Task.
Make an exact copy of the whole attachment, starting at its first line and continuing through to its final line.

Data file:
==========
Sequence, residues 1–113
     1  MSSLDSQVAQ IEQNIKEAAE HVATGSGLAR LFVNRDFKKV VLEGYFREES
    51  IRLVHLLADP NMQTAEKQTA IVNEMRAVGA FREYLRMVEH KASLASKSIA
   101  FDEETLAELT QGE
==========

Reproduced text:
Sequence, residues 1–113
     1  MSSLDSQVAQ IEQNIKEAAE HVATGSGLAR LFVNRDFKKV VLEGYFREES
    51  IRLVHLLADP NMQTAEKQTA IVNEMRAVGA FREYLRMVEH KASLASKSIA
   101  FDEETLAELT QGE